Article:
Is there a need to split the key folders into different partition on 1 hdd?
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The advantage is that a runaway program or a DOS attack, wont eat up your HD space, if they are in seperate partitions. It is supposly quick to back up. On a server i would say yes its a good idea, but for a desktop or Personal computer, also all of the distros default to have a single partition. If you drive gives up the ghost and is defective the seperate partition wont help at all. Its a matter of choice. Secondly if you miss judge the partition space for each mount point then you are more or less going to have to reinstall to give you more room. I learn that one the hard way!
Originally posted by azbaer The advantage is that a runaway program or a DOS attack, wont eat up your HD space, if they are in seperate partitions. It is supposly quick to back up. On a server i would say yes its a good idea, but for a desktop or Personal computer, also all of the distros default to have a single partition. If you drive gives up the ghost and is defective the seperate partition wont help at all. Its a matter of choice. Secondly if you miss judge the partition space for each mount point then you are more or less going to have to reinstall to give you more room. I learn that one the hard way!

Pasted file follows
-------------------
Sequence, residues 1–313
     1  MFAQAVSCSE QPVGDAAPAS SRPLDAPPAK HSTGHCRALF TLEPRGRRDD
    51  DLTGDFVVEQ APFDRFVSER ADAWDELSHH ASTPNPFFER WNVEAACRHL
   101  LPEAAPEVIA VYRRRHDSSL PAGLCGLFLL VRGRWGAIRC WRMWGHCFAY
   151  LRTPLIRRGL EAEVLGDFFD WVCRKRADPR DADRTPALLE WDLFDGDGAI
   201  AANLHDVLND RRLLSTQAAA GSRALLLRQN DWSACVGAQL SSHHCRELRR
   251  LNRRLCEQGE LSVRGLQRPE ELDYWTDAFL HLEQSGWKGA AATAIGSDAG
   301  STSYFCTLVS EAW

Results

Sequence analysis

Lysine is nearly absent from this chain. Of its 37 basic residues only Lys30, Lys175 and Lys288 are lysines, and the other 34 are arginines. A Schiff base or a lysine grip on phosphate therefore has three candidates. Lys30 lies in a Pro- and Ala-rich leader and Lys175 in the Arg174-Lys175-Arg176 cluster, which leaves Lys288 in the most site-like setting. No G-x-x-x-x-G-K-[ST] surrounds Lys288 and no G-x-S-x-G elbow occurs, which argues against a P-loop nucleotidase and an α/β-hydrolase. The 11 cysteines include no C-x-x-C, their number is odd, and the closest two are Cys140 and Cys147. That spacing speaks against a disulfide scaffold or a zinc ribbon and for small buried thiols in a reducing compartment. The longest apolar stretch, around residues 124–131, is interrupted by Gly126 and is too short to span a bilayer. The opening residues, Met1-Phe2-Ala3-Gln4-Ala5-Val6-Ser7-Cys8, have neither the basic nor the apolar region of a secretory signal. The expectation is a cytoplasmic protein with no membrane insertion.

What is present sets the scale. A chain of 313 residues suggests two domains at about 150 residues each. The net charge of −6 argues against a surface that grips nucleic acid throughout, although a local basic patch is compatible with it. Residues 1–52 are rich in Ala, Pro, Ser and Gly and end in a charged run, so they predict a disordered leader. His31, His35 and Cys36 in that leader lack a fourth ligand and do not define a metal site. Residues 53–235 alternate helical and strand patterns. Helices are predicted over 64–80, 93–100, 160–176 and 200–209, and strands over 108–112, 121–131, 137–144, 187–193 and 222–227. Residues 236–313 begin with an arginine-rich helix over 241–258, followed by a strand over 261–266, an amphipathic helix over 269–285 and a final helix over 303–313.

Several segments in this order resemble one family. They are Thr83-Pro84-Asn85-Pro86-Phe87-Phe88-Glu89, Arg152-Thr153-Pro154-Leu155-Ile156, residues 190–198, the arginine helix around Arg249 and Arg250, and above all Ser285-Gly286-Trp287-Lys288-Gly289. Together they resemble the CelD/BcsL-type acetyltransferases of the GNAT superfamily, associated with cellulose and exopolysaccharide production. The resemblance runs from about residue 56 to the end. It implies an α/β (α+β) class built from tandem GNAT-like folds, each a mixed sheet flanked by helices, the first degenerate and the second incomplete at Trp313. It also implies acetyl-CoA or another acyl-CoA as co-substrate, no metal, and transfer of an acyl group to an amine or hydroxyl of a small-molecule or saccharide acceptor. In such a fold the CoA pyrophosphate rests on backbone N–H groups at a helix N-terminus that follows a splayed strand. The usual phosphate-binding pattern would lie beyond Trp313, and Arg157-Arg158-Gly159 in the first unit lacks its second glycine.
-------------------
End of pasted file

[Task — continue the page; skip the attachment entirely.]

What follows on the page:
yah is there no way to change the parition size without installing again?
Resizing partitions is fairly painless with Partition Magic, but it only works reliably with Windows partitions (which does many of us no good). I made my Linux partitions with PM (its supposed to have ext2 and ext3 support, and does to a point), but once I acctually installed Linux on them PM didn't much care for them (said they have errors or doesn't even reconize the file system anymore).
I have version 8.01, but after that Symantec bought the program and slapped Norton on the front (Powerquest Drive Image became the new Norton Ghost). I think that Norton may have released a PM 9, which may or may not have better handling of ext2 and ext3. You would have to research it and maybe get some opinions from thoes that have used it.
Other than that, I don't know of any utilities, but I'm sure that there others out there.
If you plan your system right you never need to use a partitioning tool.
What I did on my system (slackware) was to boot knoppix with my spare hdd plugged in, copied everything from the system hdd to this spare, repartition the system hdd with cfdisk then copied all the files back. Rebooted the computer with the slackware installation disk, booted my system using a kernel on the CD, re-ran lilo to install the bootloader, removed the slackware CD then rebooted the computer ( and bob was my uncle )
Ya, your right. PM isn't much good on a pure linix system, but it seems like a lot of people dual boot. So I thought I'd throw it out there. As one who has 4 OS's going (DOS, 2 Wins, and FC3), and has moved and resized the three non linux ones about 20 times with PM, I thought it might be worth a mention. Also, PM can be booted off of the disk at startup.
And how come everyone's Uncle Bob is dead (Bob was my Uncle too)?